Thursday, September 11, 2014

This is why I don't watch the NFL

Hey Friends-I know this isn't a posting about cards or the Cardinals (they lost a 1-0 game today to the Reds and those pesky Pirates will not go away). This is a posting on how I am ashamed of the NFL and why I don't watch it. The NFL is not what it was when I was growing up circa 1972-1985, it is a violent culture; the fans, the players, and the league. We sit here reading and watching news reports on Ray Rice and how he beat his now wife and we now learn the NFL had this information since April and has done nothing-I say to hell with you, you hate women. What is the reason for not standing up for what is right? I am a social worker and I work with the victims of domestic violence daily and I see the cycle of violence and how the victim is blamed for the perp's actions.

Going back as far as high school, professional athletes get breaks you and I never get. If I were to grab my wife by the wrist and the cops were called I am going to jail-no question. But if you are Ray Rice beating your partner in an elevator and law enforcement sends a tape to the NFL and they don't arrest this a'hole? Women, the NFL hates you. How can we say no to this? We can stop buying their cards, logo junk, and stop watching them. I know many of you will not do this-but perhaps this situation will help to plant seed of questioning in fan's minds so much so there will be true justice for victims of dv perpetrated by professional athletes. Thank you for letting me rant-I was prompted to do so when I saw one of the first frames of the film footage with Ray Rice cocking his fist.  So the question I ask you is where do you stand? Are you with the NFL or do you stand with the women?

Ravens Fans Still Loyal to Rice (article)

Video of Ray Rice beating his GF

6 comments:

  1. It is a mess. The NFL really dropped the ball. They are so worried about their own image that it finally came back to bite them in the ass. Hopefully some fallout occurs and some changes can be made. You are right when you said the NFL hates women.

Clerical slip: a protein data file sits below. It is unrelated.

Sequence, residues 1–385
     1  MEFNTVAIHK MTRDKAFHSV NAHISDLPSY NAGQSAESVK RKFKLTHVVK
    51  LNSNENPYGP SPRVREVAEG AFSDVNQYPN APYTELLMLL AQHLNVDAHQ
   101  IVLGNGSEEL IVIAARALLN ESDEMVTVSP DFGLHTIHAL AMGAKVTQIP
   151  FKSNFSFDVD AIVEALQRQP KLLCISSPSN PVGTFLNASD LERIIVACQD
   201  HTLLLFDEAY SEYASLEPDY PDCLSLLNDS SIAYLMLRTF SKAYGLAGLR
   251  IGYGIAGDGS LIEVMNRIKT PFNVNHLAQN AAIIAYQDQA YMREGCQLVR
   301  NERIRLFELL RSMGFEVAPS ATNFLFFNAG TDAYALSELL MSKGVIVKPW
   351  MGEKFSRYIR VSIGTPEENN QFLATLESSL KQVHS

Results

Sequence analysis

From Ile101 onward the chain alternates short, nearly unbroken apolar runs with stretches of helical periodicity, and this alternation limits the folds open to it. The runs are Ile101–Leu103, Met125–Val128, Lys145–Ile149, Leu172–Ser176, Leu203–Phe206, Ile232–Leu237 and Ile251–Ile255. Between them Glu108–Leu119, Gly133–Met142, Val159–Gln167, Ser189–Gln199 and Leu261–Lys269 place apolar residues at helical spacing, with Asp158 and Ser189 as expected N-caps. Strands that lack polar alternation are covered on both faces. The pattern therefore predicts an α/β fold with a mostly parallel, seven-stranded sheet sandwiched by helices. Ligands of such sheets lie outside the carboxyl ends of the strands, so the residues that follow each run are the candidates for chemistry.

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  2. Thank you Matt, your are right it is a mess-and hopefully some systemic change will result from all of this.

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  3. Brady, I don't disagree with anything you said in your post about the present day NFL.

    Here's the thing, though -- back in the 1970s and 1980s, players in the NFL would keep playing through criminal charges, drunk driving offenses, etc. Or, more likely, NFL players (and college guys, and the local high school stars) would simply say legitimately, "Don't you know who I am?" All of a sudden, the charges would go away, the police would go away, and the player might end up having to sign autographs rather than facing charges.

    There's a blog post over at The Nation (http://www.thenation.com/blog/175044/why-nfl-crime-hysteria-overblown) that made this point better than I am, but the real point is this: with surveillance video everywhere, people are able to get away with less and less because the video (while it may deceive) it tends not to lie. As a result, cops can't turn the blind eyes they used to turn to bad behavior by sports "superstars".

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    1. Hey Tony, thank you for the link-I have always been a fan of Dave Zirin but I am not sure I totally agree with him. I don't think you can dismiss the inherent violence of football-regardless of the racial dimension. I get what he is saying about players of color being pulled over more often which would result in more non-violent crime arrests. Like the horrible movie my wife forced me to watch "It's complicated". Congrats on your contest win! I never win squat.

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  4. Hey Tony, You are absolutely correct-cameras on phones, and surveillance film hasn't allowed folks to get by with as much as they used to. I don't think MLB is as good on DV and other violence as they could be. I don't want to give MLB a free pass.

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  5. Great post. It's been very tough hearing about Ray Rice and (locally) Ray McDonald and their domestic violence stories. You're absolutely right that athletes (as well as other famous people such as movie stars, musicians, politicians, etc) sometimes get extra chances. The system itself has its share of flaws.

    I wish I could promise you that I'd stop collecting NFL cards... but I can't. I love watching football. Don't get me wrong... I would never support domestic violence. But then again, I teach my students that cheating is wrong. Yet I still watch baseball. The NHL has had its share of domestic violence and suicide issues... but I still support the Sharks.

    I guess what I'm saying is I could find a reason to not support just about any sport. Thankfully the positives outweigh the negatives. Now I'm not downplaying domestic abuse. It's terrible and abuse (verbal, mental, or physical) should never be tolerated in any relationship. I hope Ray Rice never plays in the NFL again.

    But sometimes we forget all of the great programs created by NFL athletes and the NFL franchise itself that help support communities, kids, and schools.

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